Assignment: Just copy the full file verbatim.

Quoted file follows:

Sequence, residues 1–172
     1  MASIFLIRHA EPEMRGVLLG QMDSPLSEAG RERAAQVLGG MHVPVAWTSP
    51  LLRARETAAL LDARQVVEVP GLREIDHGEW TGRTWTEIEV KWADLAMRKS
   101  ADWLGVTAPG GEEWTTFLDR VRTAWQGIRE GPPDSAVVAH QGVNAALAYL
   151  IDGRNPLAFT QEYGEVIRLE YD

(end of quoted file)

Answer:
Sequence, residues 1–172
     1  MASIFLIRHA EPEMRGVLLG QMDSPLSEAG RERAAQVLGG MHVPVAWTSP
    51  LLRARETAAL LDARQVVEVP GLREIDHGEW TGRTWTEIEV KWADLAMRKS
   101  ADWLGVTAPG GEEWTTFLDR VRTAWQGIRE GPPDSAVVAH QGVNAALAYL
   151  IDGRNPLAFT QEYGEVIRLE YD